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The unintended consequences of negative power prices in the UK

Large volumes of renewable power capacity with rock-bottom marginal costs can push modern power grids into negative pricing. On windy days, the design of the UK’s CfD system could send prices spiralling deep into negative territory.

I noted in our recent blog on Contracts for Difference (CfDs) that generators in the UK are not paid a top-up to their strike price in a negative price period (NPP). This is defined as six consecutive hours in the day-ahead auctions for contracts from Round AR1 to AR3 when the auction clears below £0/MWh, or just one negative hourly price for AR4 contracts.

So far this hasn’t materialised as a major issue. But, unless the overall provisions of the CfD are amended in future rounds, dysfunctional behaviour and outcomes seem inevitable as new CfD generation comes online, and if legacy wind and solar is transferred to CfDs with the same provision.

Why is this? In practice, the marginal cost of production of wind and solar photovoltaic generators is slightly below zero, because there is some cost, effort and risk in shutting down; generators would rather pay a small amount for their power to be disposed of than to shut down. If Renewable Energy Guarantees of Origin (REGOs) are taken into account, any disposal costs for surplus power can be netted against the revenue from sold REGOs. So, in theory, CfD generators should be prepared to offer volume into the day auction at slightly below £0/MWh.

However, they’re very unlikely to actually offer below this level, as there is a risk of creating an NPP for their own CfD. This would mean they would receive no payment under the CfD. They will therefore offer at exactly £0/MWh out of commercial self-interest, and a recognition that their offers may contribute towards the auction clearing price. If they offer at £0/MWh or above, they know they can’t be responsible for creating a negative price; by definition, all the bids in the auction would have to be matched by offers below their price, at negative prices. Conversely, if they do offer below £0/MWh, they may well influence the auction to clear at a negative price – either at their own offer price, or just above. This means that we can expect CfD generators to offer into the auction at precisely £0/MWh, regardless of conditions.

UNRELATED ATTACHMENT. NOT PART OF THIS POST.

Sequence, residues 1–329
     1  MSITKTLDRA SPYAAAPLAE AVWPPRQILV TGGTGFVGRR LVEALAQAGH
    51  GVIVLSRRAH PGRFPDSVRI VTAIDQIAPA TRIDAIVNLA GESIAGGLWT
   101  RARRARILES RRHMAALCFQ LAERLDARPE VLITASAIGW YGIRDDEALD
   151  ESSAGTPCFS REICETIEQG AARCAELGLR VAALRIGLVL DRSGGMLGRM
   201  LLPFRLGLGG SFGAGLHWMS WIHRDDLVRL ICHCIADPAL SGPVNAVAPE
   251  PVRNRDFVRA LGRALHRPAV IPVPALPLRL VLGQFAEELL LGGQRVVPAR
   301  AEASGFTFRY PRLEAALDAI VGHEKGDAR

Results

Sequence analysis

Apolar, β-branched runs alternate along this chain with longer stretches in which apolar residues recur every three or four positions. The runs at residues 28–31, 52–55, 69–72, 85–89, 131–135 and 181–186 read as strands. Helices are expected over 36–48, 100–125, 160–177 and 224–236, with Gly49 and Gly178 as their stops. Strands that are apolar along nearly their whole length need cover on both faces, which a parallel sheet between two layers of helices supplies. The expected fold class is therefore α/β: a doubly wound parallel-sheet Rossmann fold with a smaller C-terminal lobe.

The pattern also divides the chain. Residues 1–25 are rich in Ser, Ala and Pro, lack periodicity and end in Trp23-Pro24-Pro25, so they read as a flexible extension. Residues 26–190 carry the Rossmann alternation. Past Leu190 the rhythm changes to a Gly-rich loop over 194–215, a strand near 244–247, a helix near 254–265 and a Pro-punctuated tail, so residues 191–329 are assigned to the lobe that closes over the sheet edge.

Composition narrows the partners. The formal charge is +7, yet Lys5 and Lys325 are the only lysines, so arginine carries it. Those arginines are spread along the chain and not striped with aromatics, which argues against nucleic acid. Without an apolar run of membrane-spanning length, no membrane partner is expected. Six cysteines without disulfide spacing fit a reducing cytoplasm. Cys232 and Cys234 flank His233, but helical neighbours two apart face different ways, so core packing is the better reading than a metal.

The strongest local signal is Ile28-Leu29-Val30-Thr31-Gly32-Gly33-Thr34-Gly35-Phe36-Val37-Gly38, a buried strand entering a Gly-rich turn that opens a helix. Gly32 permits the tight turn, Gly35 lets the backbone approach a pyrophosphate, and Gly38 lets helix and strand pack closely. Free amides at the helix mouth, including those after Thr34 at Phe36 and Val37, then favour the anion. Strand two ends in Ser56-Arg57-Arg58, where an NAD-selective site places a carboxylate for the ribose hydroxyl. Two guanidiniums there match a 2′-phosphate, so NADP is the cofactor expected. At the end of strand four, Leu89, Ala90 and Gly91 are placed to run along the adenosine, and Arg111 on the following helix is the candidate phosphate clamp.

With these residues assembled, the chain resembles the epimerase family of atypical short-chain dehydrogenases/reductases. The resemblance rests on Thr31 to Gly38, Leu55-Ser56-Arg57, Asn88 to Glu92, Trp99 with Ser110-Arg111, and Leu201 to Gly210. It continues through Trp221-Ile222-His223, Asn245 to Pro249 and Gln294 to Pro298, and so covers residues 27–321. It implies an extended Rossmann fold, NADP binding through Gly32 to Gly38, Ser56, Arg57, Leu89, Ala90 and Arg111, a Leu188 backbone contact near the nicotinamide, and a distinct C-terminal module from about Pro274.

Incentives to go to zero

The likely consequence of this is that there will be a strong gravitation of auction clearing prices to exactly £0/MWh.

When the market clears at a particular price – £0/MWh in this case – the auction operator will scale back either bids or offers, depending on whether there is more bid or offer volume submitted at that price or better.

As an example, suppose in an auction there are 2,000MW of bids and 4,000MW of offers placed at exactly £0/MWh for hour 1, as well as 25,000MW of bids above £0/MWh, and 24,000MW of offers below £0/MWh. Then all bids priced at £0/MWh or above will be satisfied in full, and all offers below will be satisfied in full too. But any offers at exactly £0/MWh will have to be scaled back to make the total volume of accepted bids and offers equal. The auction clearing volume will be 27,000MW, and all bids at £0/MWh or above will be satisfied at £0/MWh. All offers below £0/MWh will also be satisfied at £0/MWh; but only 3,000MW of the zero-priced offers can be matched with bids – therefore all offers at £0/MWh will be scaled back to 75% of the volume offered.

This means that, if it is windy, CfD generators will offer their forecast volume at £0/MWh in the auction, and will often succeed in selling some, whilst keeping the clearing price at £0/MWh, and preserving their CfD payment.

But they will now have some unsold potential generation output, which they will be keen to produce and sell (because it will be eligible for a CfD payment). Once the auction is over, the generator’s indifference price suddenly switches from just below £0/MWh to just below minus their CfD strike price.

Why is this? If, for example, their CfD strike price is £75/MWh and the auction clears at £0/Mwh, they will be eligible for a £75/MWh CfD payment on all output. They’ll also still get a REGO and face unwanted cost and risks if they do shut down. So, if they have to, they should be prepared to sell all remaining unsold output at just below -£75/MWh, knowing that the CfD payment and REGO will offset the cost of disposal.